Monday, August 13, 2012

What's the Difference? Chapter 1

There are a few questions that I get asked on a fairly regular basis - so I thought it might be helpful to do a series of posts answering those questions.  This first 'chapter' is going to cover prints, and the differences between the various products being offered out there.

So something like this is the usual question:  "What's the difference between what you offer and what I can go get for less at 'XYZ' pharmacy/store?"   I'm sure there's a lot more people out there wondering this exact same thing but just haven't asked.  I don't blame you, when I got started in photography and began printing, I asked the exact same question.  I ordered prints of the same image from various places and at first glance, most of them were alright, I thought.  Then I did a side-by-side comparison of the prints that I currently offer... and wow, what a difference - I couldn't believe what I had been missing.  Anyway... here's a brief explanation :)

So - what's different about my prints, you ask?  There's a few things.  First - the image itself. One of the major differences is that my prints are actual photographic prints - not inkjet copies of the image.  Whenever you go to a one-hour stop or kiosk, and most of the places online offering discount prints, you're getting a copy printed on inkjet paper.   With my prints, your image is exposed on light-sensitive paper which is processed similar to film - so it is an actual photo - not a copied image.  Not only do these prints have deeper, truer colors....  they also stand up to the test of time - and look beautiful much longer than an inkjet copy.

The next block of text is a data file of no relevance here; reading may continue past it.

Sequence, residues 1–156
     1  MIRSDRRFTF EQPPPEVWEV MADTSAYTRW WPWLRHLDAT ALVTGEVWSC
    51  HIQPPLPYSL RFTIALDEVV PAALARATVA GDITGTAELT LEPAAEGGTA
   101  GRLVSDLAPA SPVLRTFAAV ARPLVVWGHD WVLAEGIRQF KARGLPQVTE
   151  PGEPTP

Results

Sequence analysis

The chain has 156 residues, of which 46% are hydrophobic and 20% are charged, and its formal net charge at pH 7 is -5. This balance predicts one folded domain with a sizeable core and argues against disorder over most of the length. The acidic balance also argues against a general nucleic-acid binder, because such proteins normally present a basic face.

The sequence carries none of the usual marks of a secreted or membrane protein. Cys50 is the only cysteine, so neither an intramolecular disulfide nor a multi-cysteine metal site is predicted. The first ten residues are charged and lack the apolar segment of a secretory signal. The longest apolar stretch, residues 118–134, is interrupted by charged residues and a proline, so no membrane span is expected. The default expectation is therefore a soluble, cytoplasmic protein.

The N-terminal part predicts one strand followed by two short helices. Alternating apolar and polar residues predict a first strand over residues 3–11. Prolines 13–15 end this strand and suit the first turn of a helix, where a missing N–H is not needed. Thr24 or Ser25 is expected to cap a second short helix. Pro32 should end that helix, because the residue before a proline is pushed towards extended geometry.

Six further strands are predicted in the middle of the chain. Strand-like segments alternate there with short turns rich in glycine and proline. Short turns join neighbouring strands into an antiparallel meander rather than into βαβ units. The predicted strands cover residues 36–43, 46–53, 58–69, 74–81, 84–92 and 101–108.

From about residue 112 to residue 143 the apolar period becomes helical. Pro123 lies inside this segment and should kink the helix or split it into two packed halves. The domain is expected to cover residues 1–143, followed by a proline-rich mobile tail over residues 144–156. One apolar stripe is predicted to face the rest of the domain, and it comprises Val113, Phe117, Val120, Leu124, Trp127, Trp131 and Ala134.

Another difference is color correction.  I tweak the colors, contrast and sharpness exactly how I want it, how it will look best.  When I print the image, I know it's going to come out exactly as it should.  And if for some reason it doesn't, I send it back and will continue to do so until it's right.  The problem with taking it to an outside lab is that each place will color correct differently, and will print differently depending on the type of paper and machine they use, as well as the technician who calibrated it.  I printed a copy of an image at a drugstore a couple weeks ago.. and it came out so washed out, it was almost grey.  I couldn't believe it.  I understand that this isn't always what happens... but it's a prime example of how you don't really know what you're getting at these places - it's a guessing game.  When friends and family see your images, I want them to see it at it's best - I want you to look as amazing as you do in the original image... and when it's printed on mediocre paper with mediocre ink, it isn't being displayed at it's best.  It does both you and the image a great disservice.

Another difference is coating.  All of my prints are UV coated to ensure that they don't fade over time, and also so that they are more protected from damage (like scratches, dirt, etc) than a print without protective coating.  Most (if not all) of the quickie labs do not offer coating of any kind.

Then there's enlargements (8x10 and larger).  Those are even trickier.  Whenever I receive an order for a large print - I do some extra processing on the image according to exactly the size you want.  I ensure it's not going to be awkwardly cropped.  I ensure the resolution remains high so the image is not pixellated.  Probably the biggest issue with printing enlargements that haven't been specially processed as such is that they can come out grainy and/or pixellated... which I think we can all agree, is not ideal - and not something you'd really want to pay for with your hard-earned money.

Having a custom photography session is an investment.  Not only an investment of your money, but also your time.  I want it to be worth your while.  I want you to get high quality images that you love, with the highest quality prints and wall displays possible.  I don't want you to have a generic, everybody-has-this-exact-same-bland-studio-photo experience. You work hard for your money, and with our culture, we're getting busier by the minute and free time is becoming scarce - so you deserve something special, something you know you'll value and cherish for years.  Cost is one thing, but what it's actually worth in the end is so much more.

I hope this sheds some light on the subject, and I freely welcome further comments or questions!  I also hope you all have a wonderful week and are enjoying your summer as much as I am!